Is my son to old to help?

To summarize:

My son is 18 yrs. old. Diagnosed with processing disability in first grade, Not a high IQ. In resource classes thru out his schooling. At 17, diagnosed with Schizophrenia, put on Abilify. The med has helped with the illness, put we think harmed him otherwise. Very lazy now, no motivation, etc.

Found a place call "Brain Balance". They tested him & indicated that his sensory motor skills are very, very weak, on top of the academic testing (Wyatt). They feel the sensory motor skills are the root of the academic. Finally, to my question. Can his sensory motor skills be majorly improved at this age? Are we too late?
Helen T.

Comments for Is my son to old to help?

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it's never too late!
by: Jessica, OTR

Hi Helen!

A young child is more likely to make more significant changes because they naturally progressively developing at this age. I believe (and there is research to support) that the brain has plasticity (meaning it is always changing and able to adapt to new information), so a person at any age can learn new things. It is never too late for your son to benefit from services to address his sensory processing difficulties. It is common for individuals with schizophrenia to have sensory processing issues that affect their motor skills and ability to function in their everyday lives.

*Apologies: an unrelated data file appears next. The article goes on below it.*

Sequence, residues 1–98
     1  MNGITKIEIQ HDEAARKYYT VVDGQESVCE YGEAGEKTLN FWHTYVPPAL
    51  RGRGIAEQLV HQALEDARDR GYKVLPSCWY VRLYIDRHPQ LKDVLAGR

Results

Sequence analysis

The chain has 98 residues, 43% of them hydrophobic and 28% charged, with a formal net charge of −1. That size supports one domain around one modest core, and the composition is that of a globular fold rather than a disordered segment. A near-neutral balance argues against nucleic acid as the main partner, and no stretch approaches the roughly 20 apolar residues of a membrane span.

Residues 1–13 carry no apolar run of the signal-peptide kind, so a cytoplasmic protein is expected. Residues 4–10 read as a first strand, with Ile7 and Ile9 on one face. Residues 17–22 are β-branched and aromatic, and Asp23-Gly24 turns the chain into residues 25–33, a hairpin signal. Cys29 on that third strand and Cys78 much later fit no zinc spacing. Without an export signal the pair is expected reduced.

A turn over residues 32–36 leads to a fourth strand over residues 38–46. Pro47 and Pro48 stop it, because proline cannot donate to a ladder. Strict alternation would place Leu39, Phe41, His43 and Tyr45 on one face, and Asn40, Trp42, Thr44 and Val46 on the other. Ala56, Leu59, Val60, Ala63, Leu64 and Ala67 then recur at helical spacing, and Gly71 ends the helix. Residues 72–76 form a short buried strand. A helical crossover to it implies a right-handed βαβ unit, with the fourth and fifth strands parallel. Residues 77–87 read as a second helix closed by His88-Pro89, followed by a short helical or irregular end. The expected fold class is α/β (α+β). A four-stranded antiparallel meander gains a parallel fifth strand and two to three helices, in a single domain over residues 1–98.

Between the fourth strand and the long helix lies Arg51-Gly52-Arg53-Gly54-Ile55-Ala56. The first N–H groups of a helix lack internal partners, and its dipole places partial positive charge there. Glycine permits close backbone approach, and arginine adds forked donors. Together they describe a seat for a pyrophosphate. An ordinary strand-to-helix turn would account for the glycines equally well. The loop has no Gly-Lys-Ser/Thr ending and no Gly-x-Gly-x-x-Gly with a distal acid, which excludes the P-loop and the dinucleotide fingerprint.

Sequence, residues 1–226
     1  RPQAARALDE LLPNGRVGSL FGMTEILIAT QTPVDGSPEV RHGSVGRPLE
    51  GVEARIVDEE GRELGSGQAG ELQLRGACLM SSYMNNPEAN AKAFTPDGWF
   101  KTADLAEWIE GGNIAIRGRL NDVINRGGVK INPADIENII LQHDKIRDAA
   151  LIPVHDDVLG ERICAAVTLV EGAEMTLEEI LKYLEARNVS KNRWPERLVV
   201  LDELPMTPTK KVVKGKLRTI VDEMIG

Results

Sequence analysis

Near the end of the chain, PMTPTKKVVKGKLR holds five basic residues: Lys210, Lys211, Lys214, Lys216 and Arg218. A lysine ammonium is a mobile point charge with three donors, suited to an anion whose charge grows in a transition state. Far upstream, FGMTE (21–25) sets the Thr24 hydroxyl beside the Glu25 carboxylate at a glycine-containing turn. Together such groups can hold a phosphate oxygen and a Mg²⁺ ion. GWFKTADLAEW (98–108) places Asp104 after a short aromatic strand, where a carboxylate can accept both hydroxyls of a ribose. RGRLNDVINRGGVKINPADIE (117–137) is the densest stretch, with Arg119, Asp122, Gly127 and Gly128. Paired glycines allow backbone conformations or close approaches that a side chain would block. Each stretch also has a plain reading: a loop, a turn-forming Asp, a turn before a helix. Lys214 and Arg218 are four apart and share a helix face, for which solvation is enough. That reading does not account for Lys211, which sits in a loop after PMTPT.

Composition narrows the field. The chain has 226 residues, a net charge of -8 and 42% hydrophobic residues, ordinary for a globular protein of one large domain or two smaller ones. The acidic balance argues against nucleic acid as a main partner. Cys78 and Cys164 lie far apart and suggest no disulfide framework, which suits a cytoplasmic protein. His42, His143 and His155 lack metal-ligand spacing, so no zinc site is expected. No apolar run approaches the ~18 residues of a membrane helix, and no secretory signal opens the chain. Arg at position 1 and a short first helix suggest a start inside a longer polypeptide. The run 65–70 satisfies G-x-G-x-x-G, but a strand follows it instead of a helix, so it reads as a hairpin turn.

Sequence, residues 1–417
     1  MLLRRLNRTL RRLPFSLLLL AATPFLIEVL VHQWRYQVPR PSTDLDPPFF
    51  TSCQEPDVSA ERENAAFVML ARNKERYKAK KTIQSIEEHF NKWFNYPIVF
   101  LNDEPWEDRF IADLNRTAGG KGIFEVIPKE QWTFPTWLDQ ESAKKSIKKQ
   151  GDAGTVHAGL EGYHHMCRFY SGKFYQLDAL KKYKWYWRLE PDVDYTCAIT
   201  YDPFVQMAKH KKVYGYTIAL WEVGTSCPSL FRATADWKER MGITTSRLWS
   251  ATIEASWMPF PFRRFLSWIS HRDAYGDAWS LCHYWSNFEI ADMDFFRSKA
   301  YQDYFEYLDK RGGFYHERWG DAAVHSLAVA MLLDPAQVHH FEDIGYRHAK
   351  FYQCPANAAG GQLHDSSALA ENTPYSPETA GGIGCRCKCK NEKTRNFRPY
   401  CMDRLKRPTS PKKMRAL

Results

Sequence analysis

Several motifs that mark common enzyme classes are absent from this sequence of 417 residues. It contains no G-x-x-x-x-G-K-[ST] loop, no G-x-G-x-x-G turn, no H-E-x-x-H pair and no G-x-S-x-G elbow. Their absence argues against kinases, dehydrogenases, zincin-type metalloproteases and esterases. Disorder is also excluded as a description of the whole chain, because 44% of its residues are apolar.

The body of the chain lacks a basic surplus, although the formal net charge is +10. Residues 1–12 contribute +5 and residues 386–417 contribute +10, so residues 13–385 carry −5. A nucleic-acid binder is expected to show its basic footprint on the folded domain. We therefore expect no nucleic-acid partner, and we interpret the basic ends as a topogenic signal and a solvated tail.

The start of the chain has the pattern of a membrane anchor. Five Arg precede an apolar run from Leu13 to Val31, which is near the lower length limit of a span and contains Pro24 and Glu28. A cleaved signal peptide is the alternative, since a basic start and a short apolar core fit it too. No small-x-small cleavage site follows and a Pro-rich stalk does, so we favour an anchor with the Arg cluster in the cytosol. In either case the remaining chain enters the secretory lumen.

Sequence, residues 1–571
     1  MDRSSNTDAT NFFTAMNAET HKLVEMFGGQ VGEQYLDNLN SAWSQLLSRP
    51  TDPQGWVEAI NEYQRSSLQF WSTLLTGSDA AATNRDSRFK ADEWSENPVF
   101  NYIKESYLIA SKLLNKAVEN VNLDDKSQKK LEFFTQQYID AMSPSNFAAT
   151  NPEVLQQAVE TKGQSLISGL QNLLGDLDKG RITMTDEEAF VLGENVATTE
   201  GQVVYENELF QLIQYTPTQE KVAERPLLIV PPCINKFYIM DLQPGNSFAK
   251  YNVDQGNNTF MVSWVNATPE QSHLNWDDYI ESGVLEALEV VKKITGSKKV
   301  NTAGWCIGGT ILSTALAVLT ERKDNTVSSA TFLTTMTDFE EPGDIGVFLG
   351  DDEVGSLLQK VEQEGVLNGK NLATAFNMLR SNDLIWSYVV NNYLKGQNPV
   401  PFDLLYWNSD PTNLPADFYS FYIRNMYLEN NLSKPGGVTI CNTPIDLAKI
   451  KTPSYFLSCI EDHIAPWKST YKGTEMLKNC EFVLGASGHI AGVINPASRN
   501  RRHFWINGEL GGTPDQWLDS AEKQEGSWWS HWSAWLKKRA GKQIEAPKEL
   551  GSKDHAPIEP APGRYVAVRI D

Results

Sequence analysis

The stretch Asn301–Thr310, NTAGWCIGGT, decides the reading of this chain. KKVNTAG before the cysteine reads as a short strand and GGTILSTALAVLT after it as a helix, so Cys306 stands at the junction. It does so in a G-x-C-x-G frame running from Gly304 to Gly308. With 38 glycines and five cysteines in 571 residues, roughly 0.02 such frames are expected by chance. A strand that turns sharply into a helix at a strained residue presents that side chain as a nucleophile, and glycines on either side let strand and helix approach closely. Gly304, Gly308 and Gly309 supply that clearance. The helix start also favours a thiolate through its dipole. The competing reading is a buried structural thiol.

There is an assessment (which a health care provider could administer) called the Schroeder Block Campbell evaluation and it specifically assesses sensory integration in adults with psychiatric diagnoses. It is a good starting place to help identify specific areas of difficulty. I would then strongly recommend occupational therapy (OT) services.

Not only can an OT help your son with sensory issues, but they also will help your son to develop life skills to function more successfully in work, school, self-care, leisure/exercise, cooking/money management/cleaning/etc. because OTs specialize in these life areas. Many settings have OT services available, such as hospitals, inpatient or outpatient psychiatric clinics, adult day centers, transitional living centers, etc. OTs can be very helpful for providing your family with additional information and resources for your son to function more fully and successfully. I wish the best for you and your son on your endeavors!!

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